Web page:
Car dealers predict market fallout as imports dwindle
The Jamaica Used Car Dealers Association (JUCDA) says the vehicle inspection regime now in play is expected to lead to at least 10 per cent of its 151 membership being forced out of business by December.
Since February 1, the preowned vehicles imported by dealers have had to undergo inspection by an agent of the Trade Board. They are then issued with Pre-shipment Inspection/Dealer Disclosure Certificates (PSIC/DDC) prior to shipment to Jamaica.
According to JUCDA President Lynvalle Hamilton, this has forced preowned car dealers to source better quality and, therefore, more expensive vehicles.
Costs have risen for dealers by around 30 per cent, he said.
The PSI facility seeks to verify the history of the vehicle - including accidents and major repairs - conformity to age limit (model year), road worthiness, radioactive/microbial contamination and odometer readings.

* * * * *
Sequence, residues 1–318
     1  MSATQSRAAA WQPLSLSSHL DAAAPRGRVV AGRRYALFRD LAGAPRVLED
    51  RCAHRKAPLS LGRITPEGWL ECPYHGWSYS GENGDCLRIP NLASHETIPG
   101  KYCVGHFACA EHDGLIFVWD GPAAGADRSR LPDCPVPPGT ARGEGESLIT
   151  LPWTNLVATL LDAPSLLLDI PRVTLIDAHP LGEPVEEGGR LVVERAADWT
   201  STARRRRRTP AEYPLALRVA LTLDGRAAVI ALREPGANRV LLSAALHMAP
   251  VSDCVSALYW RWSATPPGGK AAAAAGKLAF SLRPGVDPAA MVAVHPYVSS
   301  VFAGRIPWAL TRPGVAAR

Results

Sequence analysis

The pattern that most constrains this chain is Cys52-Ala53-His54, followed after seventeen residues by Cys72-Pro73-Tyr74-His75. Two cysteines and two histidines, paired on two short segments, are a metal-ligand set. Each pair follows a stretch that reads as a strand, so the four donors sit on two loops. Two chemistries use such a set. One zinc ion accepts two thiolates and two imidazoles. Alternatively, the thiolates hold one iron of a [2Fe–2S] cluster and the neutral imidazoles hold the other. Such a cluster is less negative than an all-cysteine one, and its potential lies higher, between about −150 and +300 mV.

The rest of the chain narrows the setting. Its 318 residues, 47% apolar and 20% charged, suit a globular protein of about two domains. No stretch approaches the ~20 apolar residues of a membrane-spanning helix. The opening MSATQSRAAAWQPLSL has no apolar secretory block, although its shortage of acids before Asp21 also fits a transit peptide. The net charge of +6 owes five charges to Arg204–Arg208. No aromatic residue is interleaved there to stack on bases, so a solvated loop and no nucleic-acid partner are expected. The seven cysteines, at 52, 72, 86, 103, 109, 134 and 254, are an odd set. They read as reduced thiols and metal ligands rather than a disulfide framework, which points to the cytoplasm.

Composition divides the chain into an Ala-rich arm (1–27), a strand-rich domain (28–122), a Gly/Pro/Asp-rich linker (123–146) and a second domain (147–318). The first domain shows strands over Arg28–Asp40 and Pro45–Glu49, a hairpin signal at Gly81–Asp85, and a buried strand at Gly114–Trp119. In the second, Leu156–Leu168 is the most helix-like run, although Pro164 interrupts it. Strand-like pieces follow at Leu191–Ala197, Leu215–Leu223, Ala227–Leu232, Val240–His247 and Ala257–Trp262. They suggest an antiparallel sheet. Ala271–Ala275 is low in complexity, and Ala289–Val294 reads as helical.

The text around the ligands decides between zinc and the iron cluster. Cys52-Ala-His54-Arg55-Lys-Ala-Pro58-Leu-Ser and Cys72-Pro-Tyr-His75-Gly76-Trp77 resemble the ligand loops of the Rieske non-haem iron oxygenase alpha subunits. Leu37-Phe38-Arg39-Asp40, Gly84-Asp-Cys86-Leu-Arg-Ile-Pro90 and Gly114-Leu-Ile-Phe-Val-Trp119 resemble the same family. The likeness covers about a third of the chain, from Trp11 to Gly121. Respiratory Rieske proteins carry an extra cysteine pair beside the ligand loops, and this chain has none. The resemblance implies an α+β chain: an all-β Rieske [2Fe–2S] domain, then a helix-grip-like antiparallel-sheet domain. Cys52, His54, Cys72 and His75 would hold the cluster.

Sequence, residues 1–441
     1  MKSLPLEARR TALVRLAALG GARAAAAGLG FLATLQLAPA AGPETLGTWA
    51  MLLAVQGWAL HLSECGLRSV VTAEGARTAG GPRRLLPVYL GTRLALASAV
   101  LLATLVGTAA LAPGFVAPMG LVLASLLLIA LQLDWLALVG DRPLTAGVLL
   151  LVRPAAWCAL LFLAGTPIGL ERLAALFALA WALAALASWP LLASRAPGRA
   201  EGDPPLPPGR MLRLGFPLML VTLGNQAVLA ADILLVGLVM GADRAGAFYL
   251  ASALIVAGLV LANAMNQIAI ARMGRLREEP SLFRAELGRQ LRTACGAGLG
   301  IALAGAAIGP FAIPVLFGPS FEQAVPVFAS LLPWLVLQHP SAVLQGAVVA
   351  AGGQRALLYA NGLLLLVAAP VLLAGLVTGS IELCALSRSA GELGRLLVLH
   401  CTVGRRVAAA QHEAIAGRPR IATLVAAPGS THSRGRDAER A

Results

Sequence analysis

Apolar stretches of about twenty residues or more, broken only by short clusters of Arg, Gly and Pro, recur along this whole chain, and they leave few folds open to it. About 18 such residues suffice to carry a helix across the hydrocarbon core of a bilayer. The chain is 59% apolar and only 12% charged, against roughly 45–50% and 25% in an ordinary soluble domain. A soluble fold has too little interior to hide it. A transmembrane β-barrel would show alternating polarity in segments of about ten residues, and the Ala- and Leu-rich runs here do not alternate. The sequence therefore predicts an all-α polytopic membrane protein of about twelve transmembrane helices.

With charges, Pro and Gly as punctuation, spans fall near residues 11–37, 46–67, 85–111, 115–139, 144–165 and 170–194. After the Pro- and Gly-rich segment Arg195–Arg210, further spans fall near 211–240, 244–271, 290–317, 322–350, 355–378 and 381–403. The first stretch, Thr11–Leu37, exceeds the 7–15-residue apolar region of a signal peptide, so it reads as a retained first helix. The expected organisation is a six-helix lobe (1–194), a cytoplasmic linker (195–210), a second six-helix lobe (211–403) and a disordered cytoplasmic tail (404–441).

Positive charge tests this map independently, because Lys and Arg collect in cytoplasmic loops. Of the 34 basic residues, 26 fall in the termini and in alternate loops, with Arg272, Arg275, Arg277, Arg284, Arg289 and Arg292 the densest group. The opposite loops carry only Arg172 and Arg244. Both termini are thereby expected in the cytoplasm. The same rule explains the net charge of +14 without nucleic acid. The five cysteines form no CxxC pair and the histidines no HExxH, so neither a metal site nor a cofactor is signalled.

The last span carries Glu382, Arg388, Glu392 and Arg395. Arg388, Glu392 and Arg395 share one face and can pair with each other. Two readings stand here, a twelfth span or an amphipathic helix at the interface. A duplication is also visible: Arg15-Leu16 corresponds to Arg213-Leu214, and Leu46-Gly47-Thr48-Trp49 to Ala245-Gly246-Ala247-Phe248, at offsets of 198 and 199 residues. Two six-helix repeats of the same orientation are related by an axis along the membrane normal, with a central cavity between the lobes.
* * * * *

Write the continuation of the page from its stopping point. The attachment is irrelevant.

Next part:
A representative of the Trade Board told the Financial Gleaner that imports were significantly down as of April, as the quality and cost of imports climb.
Hamilton said on Tuesday that prior to February, dealers were able to bring in motor vehicles with minor faults and have them repaired in Jamaica where labour costs are cheaper. But now, those vehicles are being rejected by the PSI agent - Auto Terminal Japan Limited - for defects such as rust and missing hub caps, said the JUCDA president.
LONGER WAITING TIME
It also takes a longer time for the delivery of vehicles that have been approved, a situation that he said was compounded by the lack of an online application system for inspections.
Now it takes six weeks for units to be accepted for inspection, whereas orders were previously filled in about two weeks, he said.
Hamilton, who is also CEO of Auto Channel Limited, said that vehicle inventory among JUCDA membership remained fairly high because many of them had brought in extra units in anticipation of delays under the PSI regime. He adds, however, that some of the smaller dealers may be in danger of folding, as Jamaica Customs Agency appears set to auction uncleared vehicles at the wharf.
In 2017, vehicles imports climbed 8.5 per cent, from 32,000 to 35,000. Hamilton previously attributed the spike to new players entering the market a bigger push from Japan to export vehicles.
Showroom sales were also driven up by low interest rates loans on offer from the banks, he said.